It’s simple. Our leadership, media and health experts have used and spread fear in order to control
the country’s population in the name of safety.

By March 2020, we all knew that COVID would kill and undoubtedly our leaders were right to pause
and assess the situation before moving forward as a country. We needed to prepare for the fight
against COVID. It was necessary to educate our communities, enhance our public health systems and
develop vaccines. What was also needed, but sadly lacking, was to prepare our collective mindset.
Given the fear of death is one of our biggest, we needed resilience and compassion for the fight. To
come together as a country. Undoubtedly, our mindset should have been a key weapon in the battle
against COVID.

But, instead of fighting, we decided to try and hide.

Now 18 months later, our leaders are just realising what some have known for a long time. We can’t
beat COVID, and we can’t hide from it. It only needs a small undetected foot hold, and it will spread.
Today, almost two years on, some states are still scared and hiding, hoping it magically goes away
soon. Still our only weapons to fight COVID are lockdowns and vaccines and we know both won’t go
close to saving all lives. Even if our vaccines were 100% effective now, they won’t be next year when
there is a new, possibly more deadly strain.

The end result of all this hiding?

More division, hate and fear than ever before in this country.

How much has been achieved by all we have endured over the last 18 months and continue to
endure today? Is the false illusion of safety worth the re-prioritisation of our country’s values? Does
the transfer of responsibility for personal safety from the individual to the government make us
safer in the long term? And if it does, is the improvement worth the cost to Australia’s principal
value of “respect for the freedom and dignity of the individual”?

The use of fear has become so commonplace we no longer even recognise we are afraid.

Our leaders know we desire safety. “Thanks for keeping me safe Premier” we read and hear
regularly. Approval ratings have never been higher while we continue to hide from COVID with
quarantine’s, lockdowns and borders closures. There is open public angry at “those people putting
us at risk”. All the while, our country goes deeper and deeper into debt.

All with no real plan. Just a hope. That we can save every life.

Unfortunately we cannot.

And not only can we not save every life, it also shouldn’t be our top priority. Our priority should be
our countries values, beliefs, and principles. The very thing that makes us all Australian.

It’s time to fight to save our culture. Our countries soul. Because left uncontrolled, these fears will
lead to regret and regret can devastate our lives.

So how do we overcome these fears?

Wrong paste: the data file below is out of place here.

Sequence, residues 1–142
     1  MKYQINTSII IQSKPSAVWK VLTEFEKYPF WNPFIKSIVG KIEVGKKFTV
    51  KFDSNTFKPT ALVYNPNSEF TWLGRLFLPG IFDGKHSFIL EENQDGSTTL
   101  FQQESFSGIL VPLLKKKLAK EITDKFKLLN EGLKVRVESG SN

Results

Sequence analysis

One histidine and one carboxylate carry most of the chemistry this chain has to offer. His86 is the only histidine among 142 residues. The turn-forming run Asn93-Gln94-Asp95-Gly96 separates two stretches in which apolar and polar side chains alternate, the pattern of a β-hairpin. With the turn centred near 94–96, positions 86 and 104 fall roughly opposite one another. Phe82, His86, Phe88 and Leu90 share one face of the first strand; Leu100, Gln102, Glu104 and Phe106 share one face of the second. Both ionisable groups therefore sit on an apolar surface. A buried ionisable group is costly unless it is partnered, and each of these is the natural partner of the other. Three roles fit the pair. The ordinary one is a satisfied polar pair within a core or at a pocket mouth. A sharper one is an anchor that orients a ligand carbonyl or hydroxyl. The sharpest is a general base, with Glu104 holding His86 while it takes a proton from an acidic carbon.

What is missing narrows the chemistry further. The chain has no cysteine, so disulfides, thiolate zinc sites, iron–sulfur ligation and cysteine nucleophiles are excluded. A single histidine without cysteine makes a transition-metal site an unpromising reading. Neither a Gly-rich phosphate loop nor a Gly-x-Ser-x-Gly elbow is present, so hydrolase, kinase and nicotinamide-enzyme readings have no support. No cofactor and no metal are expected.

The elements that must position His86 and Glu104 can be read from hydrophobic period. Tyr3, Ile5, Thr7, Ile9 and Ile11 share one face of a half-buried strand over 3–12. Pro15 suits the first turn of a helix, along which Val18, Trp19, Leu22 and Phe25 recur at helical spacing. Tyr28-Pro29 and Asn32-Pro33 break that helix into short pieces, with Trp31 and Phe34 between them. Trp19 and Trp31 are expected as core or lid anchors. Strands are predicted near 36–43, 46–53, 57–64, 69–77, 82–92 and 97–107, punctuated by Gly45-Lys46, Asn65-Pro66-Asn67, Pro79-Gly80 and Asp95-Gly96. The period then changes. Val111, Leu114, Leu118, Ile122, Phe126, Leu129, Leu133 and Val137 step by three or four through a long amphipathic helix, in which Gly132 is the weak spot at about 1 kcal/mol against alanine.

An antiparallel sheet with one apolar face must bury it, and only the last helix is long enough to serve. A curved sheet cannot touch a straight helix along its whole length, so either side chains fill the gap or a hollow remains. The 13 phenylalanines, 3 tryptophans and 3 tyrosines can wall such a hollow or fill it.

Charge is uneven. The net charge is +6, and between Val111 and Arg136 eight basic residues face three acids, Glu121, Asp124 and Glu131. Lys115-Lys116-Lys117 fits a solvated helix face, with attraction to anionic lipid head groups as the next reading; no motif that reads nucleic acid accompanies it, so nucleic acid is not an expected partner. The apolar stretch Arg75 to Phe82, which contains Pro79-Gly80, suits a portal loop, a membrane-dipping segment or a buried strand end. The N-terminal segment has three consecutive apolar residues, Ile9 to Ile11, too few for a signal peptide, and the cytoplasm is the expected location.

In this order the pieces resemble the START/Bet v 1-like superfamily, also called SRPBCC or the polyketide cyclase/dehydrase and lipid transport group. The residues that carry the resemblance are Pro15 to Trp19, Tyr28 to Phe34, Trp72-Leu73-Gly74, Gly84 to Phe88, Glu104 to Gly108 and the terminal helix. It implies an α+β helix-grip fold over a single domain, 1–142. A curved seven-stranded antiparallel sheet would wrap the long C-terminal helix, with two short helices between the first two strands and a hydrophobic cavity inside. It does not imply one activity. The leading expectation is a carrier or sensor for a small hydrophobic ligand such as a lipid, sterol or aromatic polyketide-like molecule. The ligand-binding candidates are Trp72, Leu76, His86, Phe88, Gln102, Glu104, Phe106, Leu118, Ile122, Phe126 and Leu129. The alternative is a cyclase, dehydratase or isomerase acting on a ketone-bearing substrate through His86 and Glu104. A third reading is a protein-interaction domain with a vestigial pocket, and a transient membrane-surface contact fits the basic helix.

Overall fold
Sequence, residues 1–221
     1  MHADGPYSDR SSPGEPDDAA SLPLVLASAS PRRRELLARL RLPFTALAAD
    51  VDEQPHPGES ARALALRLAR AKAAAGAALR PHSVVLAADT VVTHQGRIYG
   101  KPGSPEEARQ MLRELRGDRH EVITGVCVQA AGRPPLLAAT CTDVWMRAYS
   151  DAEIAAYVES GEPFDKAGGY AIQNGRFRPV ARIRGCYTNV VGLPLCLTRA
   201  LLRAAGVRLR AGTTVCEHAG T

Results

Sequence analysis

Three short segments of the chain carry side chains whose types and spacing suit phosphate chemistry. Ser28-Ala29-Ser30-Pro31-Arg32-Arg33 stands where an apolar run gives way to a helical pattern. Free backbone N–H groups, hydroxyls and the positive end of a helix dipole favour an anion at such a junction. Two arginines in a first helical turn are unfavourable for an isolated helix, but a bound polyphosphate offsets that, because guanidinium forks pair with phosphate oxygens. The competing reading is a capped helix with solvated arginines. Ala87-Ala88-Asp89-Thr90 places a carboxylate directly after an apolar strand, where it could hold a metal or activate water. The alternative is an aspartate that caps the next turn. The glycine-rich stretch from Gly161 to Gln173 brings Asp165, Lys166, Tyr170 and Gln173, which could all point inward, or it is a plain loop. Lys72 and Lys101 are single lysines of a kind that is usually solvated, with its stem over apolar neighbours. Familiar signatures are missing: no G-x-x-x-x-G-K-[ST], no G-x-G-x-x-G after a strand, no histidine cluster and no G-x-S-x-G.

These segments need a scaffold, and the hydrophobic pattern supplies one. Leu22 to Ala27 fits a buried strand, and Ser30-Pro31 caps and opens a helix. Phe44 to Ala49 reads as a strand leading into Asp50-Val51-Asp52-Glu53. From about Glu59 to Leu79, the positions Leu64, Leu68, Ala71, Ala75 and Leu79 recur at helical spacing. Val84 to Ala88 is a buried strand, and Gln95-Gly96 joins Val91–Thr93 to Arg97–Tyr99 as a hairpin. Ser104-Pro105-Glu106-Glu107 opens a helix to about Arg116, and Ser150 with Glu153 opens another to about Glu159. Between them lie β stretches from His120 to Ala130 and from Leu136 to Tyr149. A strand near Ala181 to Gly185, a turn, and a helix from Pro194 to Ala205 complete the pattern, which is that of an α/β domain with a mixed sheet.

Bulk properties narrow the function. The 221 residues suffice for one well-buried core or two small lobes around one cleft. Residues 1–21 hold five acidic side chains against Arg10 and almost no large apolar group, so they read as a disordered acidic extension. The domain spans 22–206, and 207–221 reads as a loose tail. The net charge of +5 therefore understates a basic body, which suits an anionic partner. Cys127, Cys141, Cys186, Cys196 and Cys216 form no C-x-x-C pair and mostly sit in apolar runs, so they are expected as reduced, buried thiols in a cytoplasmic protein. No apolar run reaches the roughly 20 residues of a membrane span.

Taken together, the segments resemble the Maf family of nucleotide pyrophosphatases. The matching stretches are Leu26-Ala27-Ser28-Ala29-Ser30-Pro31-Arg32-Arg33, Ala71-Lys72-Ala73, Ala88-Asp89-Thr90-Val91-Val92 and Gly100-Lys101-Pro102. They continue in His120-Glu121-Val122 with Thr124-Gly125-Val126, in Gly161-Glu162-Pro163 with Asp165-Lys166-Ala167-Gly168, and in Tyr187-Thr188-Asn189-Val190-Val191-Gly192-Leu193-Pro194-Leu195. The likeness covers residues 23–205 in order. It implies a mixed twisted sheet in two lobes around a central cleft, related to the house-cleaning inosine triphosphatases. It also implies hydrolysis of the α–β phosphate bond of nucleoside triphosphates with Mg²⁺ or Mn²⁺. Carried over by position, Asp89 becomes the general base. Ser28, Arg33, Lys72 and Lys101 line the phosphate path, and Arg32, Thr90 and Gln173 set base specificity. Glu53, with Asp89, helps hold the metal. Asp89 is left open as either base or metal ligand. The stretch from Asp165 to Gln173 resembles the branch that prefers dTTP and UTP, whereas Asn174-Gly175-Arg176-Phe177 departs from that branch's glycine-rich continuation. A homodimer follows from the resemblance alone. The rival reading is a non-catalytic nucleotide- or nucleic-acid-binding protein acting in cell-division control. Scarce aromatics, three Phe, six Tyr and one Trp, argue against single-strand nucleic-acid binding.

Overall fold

We accept we are afraid, and we move forward.

I have had to overcome many fears in my life, including the fear of death. And never have I
overcome fear by pretending I could hide from it or avoid it. I have only ever overcome fear by
acknowledging it. To face it and make a truce a with it. I accept that it is a part of me, and I allow
myself to live my best life with it. To keep the fear in my head and out of my heart and soul.

What we need now is to overcome the fear of death in order to be able to live. I would rather live a
short life full of adventure, experience, purpose and passion than a long one void of freedom and
filled with ‘what if’s’.

It’s with this in mind, I declare that I won’t let your fear control me. I will continue to live so that my
encounter with death, whenever it might come, will not be accompanied by regret.

This has never been more important than in our current climate. Despite twelve weeks now spent
isolated in quarantines, not being allowed to travel to see my family, my life is still good. And I
continue to work to make it better.

At a time when people feel their lives are on pause; waiting for their next holiday, for lockdown to
finish, or my personal favourite, to ‘get their freedom’s back’; I am continuing to live. To move
forward and improve.

Recently Prime Minister Scott Morrison stated,
“It’s time to give Australians their lives back. We’ve saved lives. We’ve saved livelihoods but we must
work together to ensure that Australians can reclaim the lives that they once had in this country”
My reply to Mr Morrison, I never gave you my life and it is not yours to give back. While you have
prolonged some lives you have not saved them. The only way to save a life is to make sure it is not
squandered. That it is not lived in fear, trying desperately to prolong it while hiding from all danger.
Dealing with our fears and accepting some risk is a natural part of life. We know we can’t live longer
so it goes without saying we should try to live better. With purpose, passion and void of regret.

“It is not death that a man should fear, but he should fear never beginning to live.”
Marcus Aurelius